dream BOATS was written by Dan Bar-el and illustrated by Kirsti Anne Wakelin. It was published in 2013 by Simply Read Books.
dream BOATS caught my eye because on the front cover, it has a beautifully designed origami boat sailing on a yellow see, with the reflection of a different boat and the stars from the sky reflected in the water below. It is an attention grabbing cover I thought that the origami boat was going to be an interesting addition to the book.
dream BOATS opens up to a young boy falling asleep. He is surrounded by white sheets and white origami. He begins the story by telling us, “I don’t have naps. I have adventures. I don’t sleep in a bed. I ride in a Dream Boat.” This automatically allows the reader to start thinking about their dream boat and their secret imagination that works while they are dreaming. Throughout the book, the young boy and many other young children share their dreams with us. They are sailing through many parts of the world – Maiqui in the Andes Mountains at night, Aljuu floating towards the Haida Gwaii shore, Parvati riding towards Mumai and Ivan “sails into St. Petersburg upon a mighty Russian frigate.” With each child, the setting, destination and type of boat each change. They use a Dream Boat that represents the culture that they come from. All of the dreams are full of adventure, but end with the child meeting up with family. They speak about wondering what the others are dreaming about and passing each other in their boats, touching hands as they go. While reading, I thought that they just pictured different kids within their dreams, but at the end it shows all of the kids together, awake, telling each other about the adventures that they had in their dreams. It appears that the kids are together in a daycare or similar setting.
There is a phrase used several times within the book – “Water is memory; water is dreams. Sometimes storm clouds gather. Sometimes it rains and rains. Dream Boats rock. Dram Boats sway. But Dream Boats find safe harbor.” I think that this quote is very powerful, as it represents life. Life changes. Sometimes it is hard and you have to handle the winds and rain storms. Sometimes you sail through and have no trouble getting to your next port. Taking the good with the bad is how we can continue on to that safe harbor.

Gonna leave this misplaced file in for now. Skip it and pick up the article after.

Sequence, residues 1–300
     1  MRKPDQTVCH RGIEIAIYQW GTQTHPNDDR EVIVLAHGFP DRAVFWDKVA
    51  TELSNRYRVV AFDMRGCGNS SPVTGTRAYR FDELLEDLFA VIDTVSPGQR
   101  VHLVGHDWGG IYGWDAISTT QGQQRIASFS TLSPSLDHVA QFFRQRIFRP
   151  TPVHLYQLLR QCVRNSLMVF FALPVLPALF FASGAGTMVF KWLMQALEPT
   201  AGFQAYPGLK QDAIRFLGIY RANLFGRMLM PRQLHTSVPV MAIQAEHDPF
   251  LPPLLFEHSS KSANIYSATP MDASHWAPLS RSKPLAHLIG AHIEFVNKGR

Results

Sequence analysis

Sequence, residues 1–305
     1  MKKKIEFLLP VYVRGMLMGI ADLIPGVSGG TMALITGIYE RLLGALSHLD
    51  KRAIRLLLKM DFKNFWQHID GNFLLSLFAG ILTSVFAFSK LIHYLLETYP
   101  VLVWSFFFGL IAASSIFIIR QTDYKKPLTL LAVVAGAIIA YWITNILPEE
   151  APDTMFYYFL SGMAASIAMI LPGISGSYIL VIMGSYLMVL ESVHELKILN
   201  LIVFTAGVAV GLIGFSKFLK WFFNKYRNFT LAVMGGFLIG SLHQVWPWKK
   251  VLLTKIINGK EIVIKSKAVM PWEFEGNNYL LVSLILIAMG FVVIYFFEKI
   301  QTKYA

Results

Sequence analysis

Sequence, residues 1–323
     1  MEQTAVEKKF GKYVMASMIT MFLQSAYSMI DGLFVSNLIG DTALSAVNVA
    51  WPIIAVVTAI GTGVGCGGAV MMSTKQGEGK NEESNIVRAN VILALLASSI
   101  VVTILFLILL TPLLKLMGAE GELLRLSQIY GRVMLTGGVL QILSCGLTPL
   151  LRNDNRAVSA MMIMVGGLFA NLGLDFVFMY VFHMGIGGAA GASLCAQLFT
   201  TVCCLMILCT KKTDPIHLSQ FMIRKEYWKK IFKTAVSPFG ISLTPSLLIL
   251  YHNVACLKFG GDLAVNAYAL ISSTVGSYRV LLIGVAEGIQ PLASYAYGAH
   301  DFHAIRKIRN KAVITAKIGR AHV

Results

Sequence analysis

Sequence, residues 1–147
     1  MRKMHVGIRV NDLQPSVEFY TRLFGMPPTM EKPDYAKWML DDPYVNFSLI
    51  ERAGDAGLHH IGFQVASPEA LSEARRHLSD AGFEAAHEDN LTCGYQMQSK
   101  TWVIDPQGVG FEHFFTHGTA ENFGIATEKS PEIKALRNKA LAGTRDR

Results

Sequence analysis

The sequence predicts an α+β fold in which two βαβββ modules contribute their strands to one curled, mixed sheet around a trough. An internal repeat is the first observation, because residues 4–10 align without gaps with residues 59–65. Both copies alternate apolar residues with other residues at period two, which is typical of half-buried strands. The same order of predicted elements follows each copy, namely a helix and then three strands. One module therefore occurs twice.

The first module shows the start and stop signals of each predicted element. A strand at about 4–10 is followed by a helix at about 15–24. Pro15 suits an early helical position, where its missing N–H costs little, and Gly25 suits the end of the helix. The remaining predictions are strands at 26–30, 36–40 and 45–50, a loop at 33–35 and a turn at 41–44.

The illustrations within the text are detailed, and drawn with great imagination. Each setting has a touch of realism and fantasy mixed in. You see the child sleeping in his dream boat, and animals, and others sailing their boats, and others flying their boats within the sky. You see children meeting up with family and going through adventures with animals. In one such illustration, Ivan is watching as bear spirits fight in the clouds. All of the illustrations have dark, rich colors. The pages are full bleed, with so much going on within it. Each child’s dream has a different color pallet, so the pages change from dark oranges to purples to yellows. Some are a deep gray with red undertones and some have a beautiful mix of deep blues with brighter, lighter purples and greens. The illustrations pull you in to each page, wanting to ensure you see all of the detail she has put in there. Although there are many dark colors, the book isn’t sad or full of turmoil. The dark color shows the richness of the dream and allows for the reader to understand that what is happening is not real.
Although this book is full of young children, I believe that it is best suited for older children. There are some deep thoughts within the book, and settings that many young children would have never heard of. The author also touches on many different folktales, such as the Bear Spirits from Russia and Crossing Three Bridges in China on the Chinese New Year, and I think an older child would be able to connect to folktale easier.